- Australian trademark registration no. 586530 was registered on September 14, 1992. The owner of the mark is identified as the Complainant. The mark consists of the word "AIMS" in bold "Fancy" font; and
- Australian trademark registration no. 438483 was registered on December 20, 1985. The owner of the mark is identified as the Complainant. The mark consists of the word "AIMS" in bold "Composite" font with an arrow pointing from right to left through the word "AIMS". The mark was assigned to the Complainant by Bonyu Pty Ltd on February 1, 1989.
The Complainant states that it has also established unregistered trademark rights in the word "AIMS" independent of the manner of its representation, by the Complainantís active use of the word AIMS as its business name since the Complainant was established in Perth, Western Australia in 1986 which has created considerable goodwill in that name throughout a widespread area.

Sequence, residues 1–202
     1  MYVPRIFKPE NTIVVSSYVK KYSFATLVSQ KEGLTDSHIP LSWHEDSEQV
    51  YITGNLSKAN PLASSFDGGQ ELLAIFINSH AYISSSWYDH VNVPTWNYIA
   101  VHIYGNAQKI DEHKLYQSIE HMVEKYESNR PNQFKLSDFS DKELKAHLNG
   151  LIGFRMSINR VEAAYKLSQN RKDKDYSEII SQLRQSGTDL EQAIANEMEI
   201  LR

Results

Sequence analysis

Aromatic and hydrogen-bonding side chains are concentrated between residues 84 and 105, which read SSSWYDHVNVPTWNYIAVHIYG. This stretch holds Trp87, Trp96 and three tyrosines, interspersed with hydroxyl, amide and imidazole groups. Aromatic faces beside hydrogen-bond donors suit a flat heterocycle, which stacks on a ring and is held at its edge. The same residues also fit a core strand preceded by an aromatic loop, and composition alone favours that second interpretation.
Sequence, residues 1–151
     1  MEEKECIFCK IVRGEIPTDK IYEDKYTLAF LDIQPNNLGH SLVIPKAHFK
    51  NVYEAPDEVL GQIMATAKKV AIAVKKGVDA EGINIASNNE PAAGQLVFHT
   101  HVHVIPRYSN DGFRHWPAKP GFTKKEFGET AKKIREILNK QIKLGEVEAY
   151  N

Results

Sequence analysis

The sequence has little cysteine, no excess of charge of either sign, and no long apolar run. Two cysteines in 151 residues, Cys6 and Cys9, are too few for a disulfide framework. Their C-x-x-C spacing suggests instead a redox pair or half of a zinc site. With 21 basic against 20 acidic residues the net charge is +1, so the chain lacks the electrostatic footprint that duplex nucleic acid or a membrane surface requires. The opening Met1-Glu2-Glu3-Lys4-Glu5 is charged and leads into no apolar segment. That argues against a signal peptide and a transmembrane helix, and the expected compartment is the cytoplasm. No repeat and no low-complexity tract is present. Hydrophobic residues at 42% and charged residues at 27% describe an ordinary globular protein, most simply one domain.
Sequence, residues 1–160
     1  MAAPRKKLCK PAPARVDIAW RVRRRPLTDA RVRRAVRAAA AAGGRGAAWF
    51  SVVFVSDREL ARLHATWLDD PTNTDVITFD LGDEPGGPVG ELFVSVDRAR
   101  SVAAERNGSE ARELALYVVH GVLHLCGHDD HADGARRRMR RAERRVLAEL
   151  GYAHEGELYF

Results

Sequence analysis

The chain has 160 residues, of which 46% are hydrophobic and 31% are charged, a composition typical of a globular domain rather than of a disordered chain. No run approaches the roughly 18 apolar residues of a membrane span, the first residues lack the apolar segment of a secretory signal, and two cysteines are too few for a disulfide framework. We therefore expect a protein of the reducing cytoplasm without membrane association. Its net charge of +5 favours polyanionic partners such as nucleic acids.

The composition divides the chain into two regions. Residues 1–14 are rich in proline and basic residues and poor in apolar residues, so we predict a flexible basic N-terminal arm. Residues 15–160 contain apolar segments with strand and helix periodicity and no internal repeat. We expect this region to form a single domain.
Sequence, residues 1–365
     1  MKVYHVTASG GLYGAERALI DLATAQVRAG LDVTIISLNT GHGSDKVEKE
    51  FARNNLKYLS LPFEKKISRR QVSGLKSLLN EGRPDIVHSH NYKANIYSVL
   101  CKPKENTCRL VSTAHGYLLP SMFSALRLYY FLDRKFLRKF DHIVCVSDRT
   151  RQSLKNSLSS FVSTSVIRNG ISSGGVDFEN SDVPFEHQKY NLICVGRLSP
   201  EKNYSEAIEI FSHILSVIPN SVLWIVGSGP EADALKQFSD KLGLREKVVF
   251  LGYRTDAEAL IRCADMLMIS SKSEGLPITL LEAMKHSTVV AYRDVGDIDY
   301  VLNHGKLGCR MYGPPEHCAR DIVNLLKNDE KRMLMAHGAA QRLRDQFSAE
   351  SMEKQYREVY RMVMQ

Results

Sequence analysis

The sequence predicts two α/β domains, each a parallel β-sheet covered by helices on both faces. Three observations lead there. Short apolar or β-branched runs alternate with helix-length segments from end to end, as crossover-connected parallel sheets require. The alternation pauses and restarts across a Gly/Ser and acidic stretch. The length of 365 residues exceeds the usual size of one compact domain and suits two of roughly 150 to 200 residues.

4.3 The Complainantís Use of trademarks
The following information is asserted as fact in the Complaint and remains uncontested.
The Complainantís trademarks have been used since their registration in the following business activities of the Complainant:
- trading from Perth, Adelaide, Darwin and Melbourne branches and from reseller outlets in New Zealand and Malaysia;
- manufacture, design and supply of a range of industrial hardware and software products sold world wide;
- supply of a range of software drivers to communicate with various DCS and PLC control systems to countries including America, Switzerland, South Africa, Malaysia, Indonesia, Thailand, Ghana, Tanzania, New Zealand and England;
- promotion of its trademark on its existing Web site < www.aims-wonderware.com.au>;
- use in its application for Quality Endorsement, certified from 1995 (certificate No. QEC 5224 reproduced in ANNEX 5);
- use of the word AIMS in all the Complainant's product literature and;
- distribution of an AIMS Newsletter to over 1000 companies every 2 months;